The cost of fruits and vegetables can, at times, completely kill a family’s food budget. Stores rarely have coupons for fruits and veggies, so it can sometimes seem like you are stuck paying full price. So what can you do? How can you make the most of your budget in regards to produce?
Here are a few tips that I have found helpful:
1. Stock up when produce is in season and the price is low.
Different plants have different seasons and when there is an abundance of one fruit or veggie then the price typically goes WAY down. Usually the in-season produce is on the front page of a store’s weekly sale ad so you can see which fruits and veggies to stock up on that way. Or you can know ahead of time which fruits and veggies are going to be in-season by looking at charts like this one (where you can see what’s in-season by state) and this one. Stock up when the prices are low and freeze (or can if you want to) the extra for use later.
2. Store produce properly to avoid spoiling.
If you are going to be stocking up on fruits and veggies and freezing them for later, then you will definitely want to take a look at these two charts from The University of Minnesota on How To Prepare Vegetables To Freeze and How To Prepare Fruits to Freeze. Sometimes you have to pre-cook certain vegetables so that they will freeze correctly.
If you are going to be using your produce soon, then you will want to know where to store your produce for maximum shelf life (this is a great resource from Mint.com, a site that I would HIGHLY recommend checking out if you haven’t already.)
3. Plan your meals around in-season produce, not what you are in the mood for.
Sure, you might be in the mood for guacamole, but if Avocados are $2 each, then you might want to wait until the price comes down. You will see a huge difference in your produce spending if you only plan your meals around what’s in-season… and you’ll get to try out all kinds of fun new fruits and vegetables too!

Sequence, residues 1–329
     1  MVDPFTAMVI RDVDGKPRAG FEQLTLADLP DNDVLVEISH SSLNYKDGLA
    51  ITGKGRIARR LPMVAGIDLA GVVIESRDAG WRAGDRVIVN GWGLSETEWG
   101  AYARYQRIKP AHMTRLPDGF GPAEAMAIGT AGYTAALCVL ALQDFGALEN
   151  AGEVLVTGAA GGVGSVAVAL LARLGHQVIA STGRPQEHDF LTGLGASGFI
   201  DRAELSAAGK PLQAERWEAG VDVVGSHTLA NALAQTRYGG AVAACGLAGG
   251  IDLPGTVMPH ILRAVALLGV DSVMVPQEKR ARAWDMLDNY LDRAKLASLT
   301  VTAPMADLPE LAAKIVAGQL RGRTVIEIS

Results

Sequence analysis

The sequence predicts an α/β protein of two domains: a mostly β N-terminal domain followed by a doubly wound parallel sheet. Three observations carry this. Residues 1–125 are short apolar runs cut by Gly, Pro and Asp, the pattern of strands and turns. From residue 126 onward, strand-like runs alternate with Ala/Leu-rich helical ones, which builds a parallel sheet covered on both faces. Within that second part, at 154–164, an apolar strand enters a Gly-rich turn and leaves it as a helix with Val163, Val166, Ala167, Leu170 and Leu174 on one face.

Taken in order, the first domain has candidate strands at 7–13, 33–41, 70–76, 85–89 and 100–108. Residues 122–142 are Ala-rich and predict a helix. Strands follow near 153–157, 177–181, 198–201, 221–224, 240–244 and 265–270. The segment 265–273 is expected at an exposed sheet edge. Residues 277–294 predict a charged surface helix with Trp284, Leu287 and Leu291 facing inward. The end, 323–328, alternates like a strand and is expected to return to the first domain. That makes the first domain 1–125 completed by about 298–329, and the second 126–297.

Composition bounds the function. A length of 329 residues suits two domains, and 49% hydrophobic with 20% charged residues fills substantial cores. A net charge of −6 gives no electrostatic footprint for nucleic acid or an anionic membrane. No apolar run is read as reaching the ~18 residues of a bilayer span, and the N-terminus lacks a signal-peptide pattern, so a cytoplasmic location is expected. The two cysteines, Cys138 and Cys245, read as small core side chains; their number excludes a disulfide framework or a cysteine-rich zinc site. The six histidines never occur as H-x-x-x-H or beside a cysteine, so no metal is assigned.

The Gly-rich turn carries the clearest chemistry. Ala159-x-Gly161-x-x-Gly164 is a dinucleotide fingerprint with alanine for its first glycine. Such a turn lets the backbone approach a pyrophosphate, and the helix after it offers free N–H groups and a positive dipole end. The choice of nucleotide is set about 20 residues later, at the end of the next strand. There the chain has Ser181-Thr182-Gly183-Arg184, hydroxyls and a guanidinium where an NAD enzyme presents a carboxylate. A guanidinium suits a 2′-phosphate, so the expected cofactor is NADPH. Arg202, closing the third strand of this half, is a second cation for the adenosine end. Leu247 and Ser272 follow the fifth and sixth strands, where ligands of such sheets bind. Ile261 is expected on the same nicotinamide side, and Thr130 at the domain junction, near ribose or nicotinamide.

4. Use your meat budget to buy more veggies!
Did you know that one serving size of meat is only 3 ounces?? That means that a 12 ounce steak could feasibly feed 4 people! Use that extra money that you are not spending on meat to buy extra veggies, which are healthier for you than meat and veggies don’t cost anywhere close to as much per pound!
5. Buy from local farmers and vendors.
Buying local is one of the best things that we have done to reduce our produce budget. We have some great farms near us that harvest and sell fruits and veggies all through the year. If you live in a larger city, be sure to check out the prices at your local Farmer’s Market as well. Many times they are much less than the supermarket, especially if you buy in bulk.
6. Find or start a fruit and veggie food co-op.
7. Grow your own.
I will be the first to admit that gardening and me don’t go very well together. At all. I’ve tried and tried, but for some reason I just can’t get the hang of it! Now that Ryan is home during the day though, I wouldn’t be surprised if he started up a garden this next spring… I think the plants would like him a lot better than they seem to like me.
The friends of mine who have successfully had a seasonal garden have all sworn by a method called Square Foot Gardening for gardening in small places (where you don’t have a few acres to plant a crop). Just make sure you know which planting zone you live in and when to start your seeds so that you don’t plant too late or too early.
8. Buy your fruits and veggies the way God made ’em.
Yes, I love pre-cut fruits and veggies too… but… if you are wanting to save money on your fruits and veggies then the way to do that is by cutting them yourself. Convenience is great at times, but those extra dollars saved can really go a long way.
What are your tips for cutting the costs of produce?